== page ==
Energy Systems

Topics: Cellular respiration, Metabolism, Glucose Pages: 11 (1831 words) Published: January 26, 2015
Energy Systems

Contents Page
Page Number
Energy from Foods
Creatine Phosphate Energy System
Lactic Acid Energy System
Aerobic Energy System
Sporting Examples
Training Methods

Energy from Foods

We need energy in order to make our muscle fibres contract. Our energy comes from two main sources; Fats and Carbohydrates. Our energy is obtained from the oxidation that takes place in carbohydrate and fat food sources. Oxidation is the combination of a substance and oxygen. Fats and carbohydrates themselves do not form ATP. The energy that is released from these foods are what trigger the binding of ATP.

Triglyceride is the digested of fat needed for energy production. It is found in fatty foods such as sweets, crisps, chocolate, avocados etc. the Triglycerides are stored in the muscles and are broken down during exercise to produce fatty acids. Fatty acids are the primary source of fats when they are being used for energy. Fatty acids are stored in the fat cells and travel around the body in the blood. Fatty acids can aid in the production of ATP and can be used at a low intensity for longer periods of time, where 1 gram of fat provides 37 kilojoules of energy.

Carbohydrates are broken down by the body to form Glucose. The Glucose that is not required immediately for energy by the body, is then converted into Glycogen and stored in the liver and muscles. Any chemical reactions that involve Glucose or Glycogen will produce ATP. Carbohydrate foods, such as bread, rice, pasta, cereals and potatoes, provide the best source of Glycogen, where 1 gram of carbohydrates provides 16 kilojoules of energy.

The body does not continuously reproduce ATP. It must be recycled. This process is known as Re-synthesis. This process rebuilds ATP and ADP from the three energy systems; Creatine Phosphate energy, Lactic Acid energy and Aerobic energy. The energy system used will depend on how long the activity lasts, the intensity of the activity and how quickly it is performed. However, all three energy systems will work in the same way to re-synthesise the ATP. The energy released from chemical reaction will recombine the ADP and P to form ATP. This process is known as coupled reactions, where energy produced from one reaction is used to instigate another reaction. E.g.:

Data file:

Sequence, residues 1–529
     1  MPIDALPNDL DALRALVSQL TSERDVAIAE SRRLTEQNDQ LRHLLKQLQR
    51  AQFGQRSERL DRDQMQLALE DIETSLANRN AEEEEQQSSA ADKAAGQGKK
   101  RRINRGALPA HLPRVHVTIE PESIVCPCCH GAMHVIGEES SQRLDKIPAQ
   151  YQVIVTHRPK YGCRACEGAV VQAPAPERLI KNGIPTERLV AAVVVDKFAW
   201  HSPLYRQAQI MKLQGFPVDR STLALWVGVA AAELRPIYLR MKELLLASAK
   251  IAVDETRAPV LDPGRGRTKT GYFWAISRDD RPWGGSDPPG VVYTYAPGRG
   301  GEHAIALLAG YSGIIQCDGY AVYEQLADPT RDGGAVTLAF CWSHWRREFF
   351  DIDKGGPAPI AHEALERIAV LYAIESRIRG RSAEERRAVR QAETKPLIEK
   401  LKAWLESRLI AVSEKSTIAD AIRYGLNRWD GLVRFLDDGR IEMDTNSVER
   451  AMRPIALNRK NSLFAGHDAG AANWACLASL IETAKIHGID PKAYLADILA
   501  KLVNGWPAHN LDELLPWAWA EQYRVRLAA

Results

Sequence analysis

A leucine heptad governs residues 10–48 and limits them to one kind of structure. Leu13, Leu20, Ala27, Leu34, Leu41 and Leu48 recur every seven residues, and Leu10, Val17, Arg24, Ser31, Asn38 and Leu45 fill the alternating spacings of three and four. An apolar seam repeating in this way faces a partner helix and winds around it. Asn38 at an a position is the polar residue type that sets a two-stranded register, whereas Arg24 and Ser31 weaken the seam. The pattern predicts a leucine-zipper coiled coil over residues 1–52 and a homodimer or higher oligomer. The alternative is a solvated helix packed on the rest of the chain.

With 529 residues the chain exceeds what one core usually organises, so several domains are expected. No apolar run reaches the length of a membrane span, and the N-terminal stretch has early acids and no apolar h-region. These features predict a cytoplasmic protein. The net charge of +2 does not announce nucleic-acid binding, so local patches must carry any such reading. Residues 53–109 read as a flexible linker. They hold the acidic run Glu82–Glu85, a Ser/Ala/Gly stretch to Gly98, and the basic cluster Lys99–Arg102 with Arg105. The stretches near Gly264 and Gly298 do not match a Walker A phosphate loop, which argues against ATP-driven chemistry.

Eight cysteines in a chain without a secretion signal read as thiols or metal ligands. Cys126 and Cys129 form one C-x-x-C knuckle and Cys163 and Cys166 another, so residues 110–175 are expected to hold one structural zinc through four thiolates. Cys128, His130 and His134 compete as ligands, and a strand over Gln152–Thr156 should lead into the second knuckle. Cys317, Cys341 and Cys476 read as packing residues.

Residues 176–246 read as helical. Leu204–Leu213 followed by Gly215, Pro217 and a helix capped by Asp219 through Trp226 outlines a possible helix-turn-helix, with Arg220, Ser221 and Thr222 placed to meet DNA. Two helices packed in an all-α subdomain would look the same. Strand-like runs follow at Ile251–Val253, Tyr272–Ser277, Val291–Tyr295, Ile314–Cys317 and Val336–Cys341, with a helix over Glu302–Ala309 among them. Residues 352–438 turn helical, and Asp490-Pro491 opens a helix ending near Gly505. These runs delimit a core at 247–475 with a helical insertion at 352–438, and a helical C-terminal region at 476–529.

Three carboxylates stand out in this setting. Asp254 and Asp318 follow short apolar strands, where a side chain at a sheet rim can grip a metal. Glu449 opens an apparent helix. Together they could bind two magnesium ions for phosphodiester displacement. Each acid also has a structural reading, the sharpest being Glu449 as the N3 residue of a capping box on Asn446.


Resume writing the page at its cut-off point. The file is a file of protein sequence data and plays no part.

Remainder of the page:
ADP P ENERGY form breakdown of foods ATP ATP ADP P ENERGY for activity

Creatine Phosphate Energy System

ATP and Creatine Phosphate make up the ATP-PC energy system. This is the immediate energy system and is used when there is insufficient time to break down the glycogen to replenish ATP. There is more PC stored in the muscles than ATP due too Creatine Phosphate being a very high energy compound. When energy intensity is high and energy is needed immediately, the Creatine phosphate is broken down to form ATP; when the high energy bond of PC is broken down, the Creatine and Phosphate break away from each other and the energy it releases is used to form ADP and P which combine together to from ATP. This process does not usually require oxygen. E.g.:


The Creatine Phosphate energy system is mainly used for explosive actions in sports that usually last for about 10-15 seconds at maximum intensity because the amount of PC is limited. These activities include shot put, 100m sprint and being 1st runner in a short corner. The PC stores are quickly replenished within 2 minutes of resting, allowing a repeat of the intense activity without being instantly exhausted. During recovery, the P and C used to form ATP is recombined for more energy. This energy system is the most readily available source of ATP as it doesn’t depend of a long series of chemical reactions, transportation of oxygen...

Bibliography: 1. Internet source (2015) – Aerobic training methods [accessed 11/01/2015].
2. Internet source (2000-2012) – Lactic Acid training methods [accessed 9/01/2015].
3. Internet source (2015) – ATP/PC training methods [accessed 9/01/2015].
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